By Schroth, Raymond A.
National Catholic Reporter , Vol. 33, No. 43
Charles R. Morris Times Books, 511 pages, $27.50 hardcover
American Catholics may not know it, but they have a momentous anniversary coming up and a spectacular opportunity to celebrate whatever it is that makes them what they are. 1999 will be the 100th anniversary of Pope Leo XIII's letter Testem Benevolentiae Nostrae, a condemnation of "Americanism."
The document roundly denounced a list of no-noes peculiar (or so Leo was fallibly informed) to the form of the faith that, tested on and adapted to the American frontier, had sprung up in the American Eden.
Leo especially rejected the notion that the so called "active" virtues, like humanitarianism and democracy, were of greater value than the "passive," like humility and respect for authority. Never mind that this formulation was really a French spinoff of American ideas, rather than anything actually taught by American theologians -- Leo swatted it all away as "Americanism."
Whether or not the frontier soil actually nurtured heretical thoughts, Charles R. Morris in American Catholic argues that American Catholicism -- has had a paradoxical ethos all its own. It has wrapped itself in an institutional protective shield, the so-called "Catholic ghetto," to screen out the contaminating influence of American pluralism. At the same time, the church has prided itself on its patriotism, as if its twin loyalties to God and country could never come into conflict.
As Morris tells it, the 19th century struggle between the "Americanist" or assimilationist bishops and the more conservative bishops was a fight for the soul and the future of the American church. Among those on the Americanist side was John Ireland of St. Paul, Minn., who would cooperate with the public schools rather than herd Catholic children into a costly parallel system. Among the conservatives were Bernard McQuaid of Rochester, N.Y., and New York's John Corrigan, who wanted separate schools to protect the young from mixed marriages.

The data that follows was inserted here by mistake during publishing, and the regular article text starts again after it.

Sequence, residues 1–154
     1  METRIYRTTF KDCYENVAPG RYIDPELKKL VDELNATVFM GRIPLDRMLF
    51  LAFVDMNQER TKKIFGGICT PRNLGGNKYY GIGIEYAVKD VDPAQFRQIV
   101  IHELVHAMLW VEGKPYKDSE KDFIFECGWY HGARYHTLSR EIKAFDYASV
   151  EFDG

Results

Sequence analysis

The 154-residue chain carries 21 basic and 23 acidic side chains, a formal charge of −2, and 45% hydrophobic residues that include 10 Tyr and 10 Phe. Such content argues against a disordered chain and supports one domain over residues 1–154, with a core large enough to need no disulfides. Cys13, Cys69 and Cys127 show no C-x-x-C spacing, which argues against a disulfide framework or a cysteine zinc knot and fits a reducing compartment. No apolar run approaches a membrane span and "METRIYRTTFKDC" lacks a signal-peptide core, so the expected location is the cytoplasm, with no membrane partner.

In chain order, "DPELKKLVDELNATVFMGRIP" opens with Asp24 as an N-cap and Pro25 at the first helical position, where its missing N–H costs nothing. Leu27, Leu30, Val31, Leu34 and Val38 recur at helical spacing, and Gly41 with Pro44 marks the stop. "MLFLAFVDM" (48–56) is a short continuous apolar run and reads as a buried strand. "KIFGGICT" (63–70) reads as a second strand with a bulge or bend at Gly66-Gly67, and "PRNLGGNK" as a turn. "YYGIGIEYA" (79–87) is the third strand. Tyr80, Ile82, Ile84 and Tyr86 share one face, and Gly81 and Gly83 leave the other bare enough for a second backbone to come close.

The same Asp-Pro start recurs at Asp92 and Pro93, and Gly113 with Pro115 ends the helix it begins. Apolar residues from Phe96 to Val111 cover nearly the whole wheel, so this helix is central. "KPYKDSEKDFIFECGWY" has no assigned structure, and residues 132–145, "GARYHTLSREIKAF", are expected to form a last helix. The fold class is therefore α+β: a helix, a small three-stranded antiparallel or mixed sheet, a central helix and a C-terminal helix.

In the end, the conservatives -- or separatists -- won. Not only did Catholics create a "separate universe" that maintained the Baltimore Catechism's principles more or less intact, but at its triumphal height in the 1950s, Catholic culture dominated the American landscape. Catholic politicians governed virtually every urban center in the country, and through the entertainment industry, the church had an influence that reached beyond its confessional borders. For a whole generation of Americans, Bing Crosby in "The Bells of St. Mary's" was religion.
Above all, for better or worse, this was an Irish church, a reality Morris captures in his brilliant opening chapter on the 1879 dedication of the still unfinished, spireless and buttressless Saint Patrick's Cathedral in New York. Archbishop "Dagger John" Hughes delivered a typically defiant statement to the rest of New York and the world that not only were the Irish Catholics here to stay, but, as he said on another occasion, they were determined to convert all America -- indeed, the whole world -- to the Catholic faith.
Typical of Irish history and temperament, America's Catholic Irish have had to fight for their ascendancy, such as it is, almost all the way. In the 1830s and '40s, a decade that parallels in many ways the upheaval of the 1960s, Nativist mobs burned a convent school in Charleston, Mass., and ransacked a Catholic neighborhood in Philadelphia. Cartoonist Thomas Nast and New York upper-crust diarist John Templeton Strong depicted Irish immigrants as gorillas and bums. But the Irish gave as good as they got: Hughes threatened to turn New York into "another Moscow" (a reference to the 1812 burning of Moscow to thwart Napoleon's advance) if mobs touched a Catholic church. Predominantly Irish mobs roared through Manhattan for five days during the 1863 Draft Riots, in which 105 people died -- most killed by police and troops (many of whom were Irish) putting down the rebellion. …